Wartime Surveillance: An Exception Overplaying The Rule

The Russian full-scale invasion of Ukraine put the entire country on military trail, causing the significant and rather rapid change in the type and nature of the surveillance technologies deployed. PrivacyCamp24 might serve as a perfect opportunity to discuss newly-emerged practices of using AI-driven surveillance tools during wartime based on the 2 years of experience within active armed conflict. Particularly, there was reconsideration of many systems primarily designed for civilian use and their adjustment to military purposes, as well as resort to new, sometimes infamous technologies suspied in human rights breaches. This, in turn, had various legal and societal implications, often being described as leading to discriminatory treatment, inequalities and injustices. Whether such consequences indeed took place and how dangerous repercussions can be mitigated? Whether these unfavorable consequences were duly balanced against the pressing need to safeguard national security? Whether some particularly dangerous technologies will migrate to the peacetime after the end of the armed conflict, especially if they are not limited purely to the martial law period?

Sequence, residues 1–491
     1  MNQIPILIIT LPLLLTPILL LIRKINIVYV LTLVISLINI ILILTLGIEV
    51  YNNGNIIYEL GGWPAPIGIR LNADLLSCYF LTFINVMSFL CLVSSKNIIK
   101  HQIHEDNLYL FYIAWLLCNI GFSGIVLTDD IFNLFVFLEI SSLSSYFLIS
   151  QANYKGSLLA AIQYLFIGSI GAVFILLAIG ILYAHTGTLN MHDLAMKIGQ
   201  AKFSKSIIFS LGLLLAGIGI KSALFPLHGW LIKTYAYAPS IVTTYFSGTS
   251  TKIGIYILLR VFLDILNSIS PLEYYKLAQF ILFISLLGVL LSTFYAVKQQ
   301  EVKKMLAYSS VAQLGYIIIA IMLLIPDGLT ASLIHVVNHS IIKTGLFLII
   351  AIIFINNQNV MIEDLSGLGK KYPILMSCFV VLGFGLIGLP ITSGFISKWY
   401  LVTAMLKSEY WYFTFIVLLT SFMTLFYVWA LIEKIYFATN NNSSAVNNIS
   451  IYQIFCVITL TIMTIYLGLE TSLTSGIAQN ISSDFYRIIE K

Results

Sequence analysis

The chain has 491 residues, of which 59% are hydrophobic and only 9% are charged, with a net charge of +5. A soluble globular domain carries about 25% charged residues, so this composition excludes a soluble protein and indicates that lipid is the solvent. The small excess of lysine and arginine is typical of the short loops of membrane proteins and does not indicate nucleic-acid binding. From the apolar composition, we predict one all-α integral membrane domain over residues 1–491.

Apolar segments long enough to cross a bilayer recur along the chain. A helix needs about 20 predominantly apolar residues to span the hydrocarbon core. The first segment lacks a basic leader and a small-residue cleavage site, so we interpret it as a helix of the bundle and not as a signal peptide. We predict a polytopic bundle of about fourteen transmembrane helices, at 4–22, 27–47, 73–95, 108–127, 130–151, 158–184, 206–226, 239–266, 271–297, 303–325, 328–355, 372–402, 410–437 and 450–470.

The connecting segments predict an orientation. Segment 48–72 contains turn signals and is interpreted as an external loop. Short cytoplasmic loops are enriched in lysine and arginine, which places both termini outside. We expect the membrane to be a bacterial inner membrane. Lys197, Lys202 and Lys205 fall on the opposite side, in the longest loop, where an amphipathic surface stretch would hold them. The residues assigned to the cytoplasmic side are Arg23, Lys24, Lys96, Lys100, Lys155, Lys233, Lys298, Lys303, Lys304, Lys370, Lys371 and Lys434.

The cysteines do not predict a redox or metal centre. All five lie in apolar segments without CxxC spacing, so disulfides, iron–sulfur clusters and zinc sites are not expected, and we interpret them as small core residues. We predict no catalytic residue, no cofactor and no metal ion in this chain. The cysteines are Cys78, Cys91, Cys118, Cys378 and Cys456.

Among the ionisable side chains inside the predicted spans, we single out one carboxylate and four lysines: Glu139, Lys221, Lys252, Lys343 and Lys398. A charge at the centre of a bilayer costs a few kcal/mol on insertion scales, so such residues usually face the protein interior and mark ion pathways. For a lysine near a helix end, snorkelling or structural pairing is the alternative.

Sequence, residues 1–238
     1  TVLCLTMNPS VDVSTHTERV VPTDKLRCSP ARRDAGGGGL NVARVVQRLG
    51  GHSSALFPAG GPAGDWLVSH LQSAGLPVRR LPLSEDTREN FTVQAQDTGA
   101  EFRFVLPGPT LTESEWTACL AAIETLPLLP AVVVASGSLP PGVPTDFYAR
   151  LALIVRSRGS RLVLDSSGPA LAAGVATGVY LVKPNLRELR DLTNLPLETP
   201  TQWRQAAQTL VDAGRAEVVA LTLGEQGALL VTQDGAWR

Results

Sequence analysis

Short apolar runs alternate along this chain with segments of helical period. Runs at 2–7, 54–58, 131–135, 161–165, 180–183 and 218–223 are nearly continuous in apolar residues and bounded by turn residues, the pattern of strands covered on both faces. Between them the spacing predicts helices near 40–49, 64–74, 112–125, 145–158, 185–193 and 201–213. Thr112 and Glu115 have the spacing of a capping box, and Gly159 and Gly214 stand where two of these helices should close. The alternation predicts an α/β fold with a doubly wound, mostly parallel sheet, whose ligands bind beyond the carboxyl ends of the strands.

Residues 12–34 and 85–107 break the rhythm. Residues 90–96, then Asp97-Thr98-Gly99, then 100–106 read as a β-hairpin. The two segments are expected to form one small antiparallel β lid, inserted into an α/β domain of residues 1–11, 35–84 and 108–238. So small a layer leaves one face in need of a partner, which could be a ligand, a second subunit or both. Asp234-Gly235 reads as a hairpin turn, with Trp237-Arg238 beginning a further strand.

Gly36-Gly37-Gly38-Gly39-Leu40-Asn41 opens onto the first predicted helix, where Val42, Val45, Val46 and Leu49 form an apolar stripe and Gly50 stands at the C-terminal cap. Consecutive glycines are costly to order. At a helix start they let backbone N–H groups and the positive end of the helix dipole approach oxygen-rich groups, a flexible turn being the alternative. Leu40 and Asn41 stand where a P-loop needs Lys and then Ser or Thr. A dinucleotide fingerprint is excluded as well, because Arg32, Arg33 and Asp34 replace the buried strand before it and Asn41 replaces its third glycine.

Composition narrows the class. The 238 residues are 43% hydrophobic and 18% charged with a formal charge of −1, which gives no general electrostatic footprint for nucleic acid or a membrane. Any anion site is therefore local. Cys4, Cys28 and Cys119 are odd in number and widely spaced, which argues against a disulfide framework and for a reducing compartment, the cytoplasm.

These and many other outstanding issues can be discussed during the panel uniting the representatives of Ukrainian and international civil society, academia and State authorities.
The findings can be of a particular use for other conflict affected regions which are struggling with the decisions to use or not to use AI-driven surveillance tools, what regulatory framework might be appropriate and how to organize an effective and safe transition period with the use of such tools, when the armed conflict is over. During the panel DSLU also aims at engaging the audience and collecting the feedback about the regional experience of applying AI-driven surveillance, the impact of the Russian full-scale invasion of Ukraine on the foreign surveillance tech markets and practices of resorting to the intrusive surveillance and tracking tools.


  • Tetiana Avdieieva, Senior Legal Counsel at Digital Security Lab Ukraine


  • Francesca Fanucci (Senior Legal Advisor at European Center for Not-for-Profit Law)
  • Anna Liudva (Legal Counsel at Digital Security Lab Ukraine)
  • Maksym Makarchuk (Head of AI and Machine Learning Department at Brave1)
  • Irmak Erdogan Peter (Postdoctoral researcher at Centre for IT & IP Law at KU Leuven University)